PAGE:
The One Thing You Need to Actually Get Rid of Dry Skin

By February 15, 2017

What do you do when your skin care routine is already 20 steps long and you’re still waking up to dry, parched skin? You consult an esthetician and find out that you should be doing something you never thought of to cure your flaky skin. Read on to learn why a humidifier will get rid of dry skin.

For most of my adult life, I’ve suffered from severely dry skin. It’s so dry; it’s tight. When it’s really bad, it’s flaky. At its worst, it’s so sensitive it’s actually painful. And since I’ve made the jump from Los Angeles to San Francisco (where I keep daily tabs on the pollen count), it’s gotten much, much worse. Before the move, quelling a dry spell was simply a matter of adding on a few steps to my (already pretty packed) skincare regimen.

That hasn’t been the case lately. This past winter, I found myself adding serums, oils, sheet masks, toners, essences, moisturizers—nothing. Then I tried chugging at least eight cups of water a day. Still nothing (except a lot of extra bathroom trips). I finally sought professional help. I consulted an esthetician, and she told me I needed to purchase a humidifier.

Why a humidifier works:

Doris Day, a dermatologist in New York City, told The Cut that a humidifier helps balance out the dry air that’s caused by your heater during the winter and bring it back to a proper moisture level (it also just helps retain moisture in the air even in the summer when your heater’s not on). “A humidifier will add water vapor to the air, which indirectly helps the skin retain […] moisture,” Doris says.

The humidifier I bought:

I went for one that was quiet, extra hydrating, and, most of all, not expensive— the Crane Cool Mist model with a 2.3 gallon-output, a steal at $35. I set it up next to me wherever I went in the house. As I type, there’s a gallon of water to my left, with a spouting humidifier to my right. I fill the humidifier up with filtered or distilled water about twice a day and tappity-tap away at the keyboard and just let it do its thing.

Did it work for me?

To be totally honest, I’m not sure. It’s soothing, sure. And my allergies seem to have let up a tad. But my tight, dry face was back by the afternoon.To my shock and horror, my esthetician explained that it’s entirely possible that my dry skin was being caused by piling on too many products. It was likely that a few formulas were clashing with each other, irritating my skin in the process. And it can take a while to identify the culprits. Weeks. Months, even. I was devastated. And I definitely couldn’t wait that long. Eventually my peeling forehead suggested it was time to check out the second suggestion on the esthetician’s list…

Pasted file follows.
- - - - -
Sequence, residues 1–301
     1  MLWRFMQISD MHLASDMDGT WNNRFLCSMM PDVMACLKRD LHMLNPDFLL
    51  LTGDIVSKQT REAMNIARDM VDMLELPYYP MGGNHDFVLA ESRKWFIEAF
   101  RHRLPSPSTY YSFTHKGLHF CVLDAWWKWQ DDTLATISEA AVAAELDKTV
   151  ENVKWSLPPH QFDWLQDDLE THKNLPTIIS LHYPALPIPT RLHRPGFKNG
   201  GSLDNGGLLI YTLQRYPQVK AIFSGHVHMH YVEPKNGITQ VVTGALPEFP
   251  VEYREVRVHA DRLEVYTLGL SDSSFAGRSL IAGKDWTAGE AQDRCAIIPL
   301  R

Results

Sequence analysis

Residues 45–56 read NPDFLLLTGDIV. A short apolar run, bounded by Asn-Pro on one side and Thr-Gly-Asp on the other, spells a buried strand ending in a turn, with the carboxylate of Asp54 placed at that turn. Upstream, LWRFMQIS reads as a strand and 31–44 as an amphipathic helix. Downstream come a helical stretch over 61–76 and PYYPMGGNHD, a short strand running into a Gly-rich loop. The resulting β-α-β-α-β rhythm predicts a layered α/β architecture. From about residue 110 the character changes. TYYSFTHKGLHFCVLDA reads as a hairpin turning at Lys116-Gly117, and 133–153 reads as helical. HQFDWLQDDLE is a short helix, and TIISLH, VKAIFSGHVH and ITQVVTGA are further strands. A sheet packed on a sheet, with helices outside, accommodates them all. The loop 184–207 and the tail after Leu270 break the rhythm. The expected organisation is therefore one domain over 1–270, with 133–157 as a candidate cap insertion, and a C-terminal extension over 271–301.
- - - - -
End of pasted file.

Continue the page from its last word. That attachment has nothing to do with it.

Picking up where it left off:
If you’re impatient for the humidifier to work, try mists.

I’ve turned to an arsenal of moisturizing misting sprays that I’ve relied on for years. These do the trick, if only for an hour or so. But still, just imagine—an entire hour of relief. An hour of blissfully hydrated, friendly skin. I’ll take it. Two recommendations here. First is what I think of as SK II without the pricetag: Missha Time Revolution First Treatment Essence. For years I’ve dutifully emptied the contents of a bottle into a handy, plastic mist-er I purchased at Target’s travel section for 99 cents. I only recently learned it also comes in a prepackaged mist version to make it even easier. This is my mobile option. I spray it after toner, after BB cream, and then I throw it in my bag for impromptu moisture sessions on the road.

It’s also wise to have a stationary option and to look for mists that have less water content. The less water it has, the more hydrating ingredients it has and the better it will work to hydrate you. The eNature Birch Juice Hydro Mist is an exceptional option because it contains 91 percent birch sap. Along with chamomile and plantain seed extract, this mist uses a powerhouse of moisturizing ingredients to keep skin supple long after you spritz it on your face. 

Bonus side effects of a humidifier:

Aside from having patience and giving it some time to show how much it will add moisture back to your skin, all that humid air relieves parched sinuses, prevents nosebleeds, and might help you or your bedmate finally stop snoring. In my testing phase, I learned two key tips. First, avoid tap water. Hard tap will leave a coating of fine, white dust on all surrounding surfaces. Second, let the humidifier dry out after use and clean the unit once a week with a vinegar solution to avoid any gross mold issues.

+ Do you know of a unique way to quench parched skin? Share your tip in the comments!

 

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